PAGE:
Its prevalence is approximately 0.002–0.004% in surgical and pathological series.2,7 It is three times more common in males and other congenital anomalies may be associated in 30–50% of cases, the most common being patent ductus arteriosus, atrial septal defect, mitral valve stenosis, bronchogenic cyst, tetralogy of Fallot, pulmonary sequestration, diaphragmatic hernia and pectus excavatum.2,4,8 CAP may also be found as a part of other disorders such as VATER association or Marfan or Pallister‐Killian syndromes.2,7

Six types of CAP have been described, including total absence, right‐sided defects (complete or partial), left‐sided defects (complete or partial), and diaphragmatic defects.2,8 The most common is complete left pericardial defect (70%), while right‐sided agenesis is found in 4%, diaphragmatic defects in 17% and total absence in 9%.4 Diaphragmatic pericardial agenesis is usually associated with absence of the left hemidiaphragm, in which there is a direct communication from the abdominal viscera to the heart. In 75% of cases of partial left agenesis there may also be a defect in the parietal pleura, resulting in herniation of lung parenchyma surrounding the adjacent vascular structures.4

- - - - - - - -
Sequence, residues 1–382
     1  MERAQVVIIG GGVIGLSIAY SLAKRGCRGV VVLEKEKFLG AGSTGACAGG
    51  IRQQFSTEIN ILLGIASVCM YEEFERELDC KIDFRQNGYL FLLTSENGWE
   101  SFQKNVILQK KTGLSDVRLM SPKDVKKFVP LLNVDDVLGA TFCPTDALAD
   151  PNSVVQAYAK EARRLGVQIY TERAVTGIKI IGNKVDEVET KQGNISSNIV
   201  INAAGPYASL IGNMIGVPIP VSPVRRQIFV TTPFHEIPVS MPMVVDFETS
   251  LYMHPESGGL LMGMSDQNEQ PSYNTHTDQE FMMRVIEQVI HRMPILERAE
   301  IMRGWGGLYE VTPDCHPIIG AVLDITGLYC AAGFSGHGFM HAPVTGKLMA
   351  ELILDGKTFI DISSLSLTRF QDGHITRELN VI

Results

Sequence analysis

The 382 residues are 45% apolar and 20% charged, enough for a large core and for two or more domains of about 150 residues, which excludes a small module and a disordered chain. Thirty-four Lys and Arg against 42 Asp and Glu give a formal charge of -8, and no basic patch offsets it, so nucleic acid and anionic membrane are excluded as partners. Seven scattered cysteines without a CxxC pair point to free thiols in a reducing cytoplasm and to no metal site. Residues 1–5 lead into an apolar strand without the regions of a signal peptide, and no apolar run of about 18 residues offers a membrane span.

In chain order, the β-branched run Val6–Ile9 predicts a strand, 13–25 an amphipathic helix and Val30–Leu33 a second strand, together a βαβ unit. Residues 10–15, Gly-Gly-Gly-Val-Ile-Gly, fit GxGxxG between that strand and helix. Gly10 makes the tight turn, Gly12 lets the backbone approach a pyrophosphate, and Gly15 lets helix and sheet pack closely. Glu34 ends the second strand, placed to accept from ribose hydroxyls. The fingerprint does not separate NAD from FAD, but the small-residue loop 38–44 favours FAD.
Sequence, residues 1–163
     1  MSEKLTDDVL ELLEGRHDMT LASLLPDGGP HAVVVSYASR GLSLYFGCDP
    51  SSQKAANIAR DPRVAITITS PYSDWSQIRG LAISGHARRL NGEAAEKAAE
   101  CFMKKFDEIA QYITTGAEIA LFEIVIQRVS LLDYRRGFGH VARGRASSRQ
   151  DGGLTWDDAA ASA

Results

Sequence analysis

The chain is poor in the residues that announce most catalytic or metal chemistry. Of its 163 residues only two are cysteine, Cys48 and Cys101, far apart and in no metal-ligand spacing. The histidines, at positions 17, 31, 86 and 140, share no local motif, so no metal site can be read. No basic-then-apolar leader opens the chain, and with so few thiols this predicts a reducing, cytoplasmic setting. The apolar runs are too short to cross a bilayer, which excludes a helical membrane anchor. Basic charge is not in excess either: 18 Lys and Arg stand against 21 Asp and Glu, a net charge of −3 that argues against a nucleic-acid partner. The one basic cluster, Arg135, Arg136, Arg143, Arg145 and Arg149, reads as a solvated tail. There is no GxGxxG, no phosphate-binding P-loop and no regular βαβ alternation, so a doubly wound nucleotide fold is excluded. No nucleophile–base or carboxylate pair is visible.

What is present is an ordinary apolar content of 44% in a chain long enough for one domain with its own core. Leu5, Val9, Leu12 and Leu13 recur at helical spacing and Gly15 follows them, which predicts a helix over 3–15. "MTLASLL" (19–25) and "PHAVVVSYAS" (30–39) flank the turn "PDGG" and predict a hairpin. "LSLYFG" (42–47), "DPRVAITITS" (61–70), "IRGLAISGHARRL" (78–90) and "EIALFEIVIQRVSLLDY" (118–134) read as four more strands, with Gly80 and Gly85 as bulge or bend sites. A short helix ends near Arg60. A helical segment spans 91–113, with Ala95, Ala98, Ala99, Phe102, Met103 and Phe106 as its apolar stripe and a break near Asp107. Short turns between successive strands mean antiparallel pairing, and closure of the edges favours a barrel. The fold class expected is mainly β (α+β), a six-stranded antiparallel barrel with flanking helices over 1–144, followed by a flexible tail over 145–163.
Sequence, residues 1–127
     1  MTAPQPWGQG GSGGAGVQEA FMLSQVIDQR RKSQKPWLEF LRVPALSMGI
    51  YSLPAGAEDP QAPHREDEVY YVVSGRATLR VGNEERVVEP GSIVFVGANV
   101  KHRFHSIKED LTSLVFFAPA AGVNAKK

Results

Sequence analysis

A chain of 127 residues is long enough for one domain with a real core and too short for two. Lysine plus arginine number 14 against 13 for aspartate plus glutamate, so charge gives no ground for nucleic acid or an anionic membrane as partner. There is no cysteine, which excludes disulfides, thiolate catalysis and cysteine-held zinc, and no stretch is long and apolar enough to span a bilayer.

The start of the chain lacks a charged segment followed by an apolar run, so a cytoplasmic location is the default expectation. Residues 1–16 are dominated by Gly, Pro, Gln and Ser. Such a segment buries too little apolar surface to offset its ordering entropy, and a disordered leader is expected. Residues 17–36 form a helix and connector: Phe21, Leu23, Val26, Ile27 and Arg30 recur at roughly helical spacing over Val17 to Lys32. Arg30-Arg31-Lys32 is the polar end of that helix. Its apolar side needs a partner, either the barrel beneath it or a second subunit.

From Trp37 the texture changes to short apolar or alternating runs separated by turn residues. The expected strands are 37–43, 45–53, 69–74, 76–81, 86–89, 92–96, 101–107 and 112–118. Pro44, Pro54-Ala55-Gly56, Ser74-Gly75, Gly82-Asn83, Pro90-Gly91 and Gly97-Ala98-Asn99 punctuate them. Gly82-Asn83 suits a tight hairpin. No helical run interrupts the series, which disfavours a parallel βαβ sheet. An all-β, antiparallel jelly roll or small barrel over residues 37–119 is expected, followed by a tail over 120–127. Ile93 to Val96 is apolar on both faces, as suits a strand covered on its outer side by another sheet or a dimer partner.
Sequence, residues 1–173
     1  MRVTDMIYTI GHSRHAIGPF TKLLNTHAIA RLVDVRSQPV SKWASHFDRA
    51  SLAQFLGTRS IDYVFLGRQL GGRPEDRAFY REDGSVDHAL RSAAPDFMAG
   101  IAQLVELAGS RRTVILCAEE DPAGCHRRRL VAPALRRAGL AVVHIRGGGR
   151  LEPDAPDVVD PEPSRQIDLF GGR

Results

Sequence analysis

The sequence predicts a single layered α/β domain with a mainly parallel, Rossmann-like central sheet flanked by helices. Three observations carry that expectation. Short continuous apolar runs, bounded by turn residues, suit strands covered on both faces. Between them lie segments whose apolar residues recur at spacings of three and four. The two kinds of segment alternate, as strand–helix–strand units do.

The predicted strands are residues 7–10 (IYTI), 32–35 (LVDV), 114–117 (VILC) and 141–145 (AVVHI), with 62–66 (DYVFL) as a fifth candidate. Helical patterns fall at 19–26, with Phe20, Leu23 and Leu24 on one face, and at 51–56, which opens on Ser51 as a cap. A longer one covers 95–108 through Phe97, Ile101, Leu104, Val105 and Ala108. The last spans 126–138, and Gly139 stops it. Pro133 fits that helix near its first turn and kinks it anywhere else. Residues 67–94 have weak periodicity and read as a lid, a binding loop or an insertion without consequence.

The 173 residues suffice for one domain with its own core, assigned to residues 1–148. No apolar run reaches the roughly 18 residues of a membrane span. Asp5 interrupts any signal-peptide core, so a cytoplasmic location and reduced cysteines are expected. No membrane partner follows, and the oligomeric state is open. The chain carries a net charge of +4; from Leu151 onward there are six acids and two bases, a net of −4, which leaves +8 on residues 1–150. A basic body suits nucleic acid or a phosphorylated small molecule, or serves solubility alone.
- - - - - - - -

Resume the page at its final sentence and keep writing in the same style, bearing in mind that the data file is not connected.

CAP is usually asymptomatic, especially in complete absence of the pericardium.2,9 However, non‐specific chest pain, dyspnea, recurrent pulmonary infections, fatigue, angina, heart failure, pericarditis, arrhythmias, peripheral embolism, syncope and even sudden death have been reported.4,8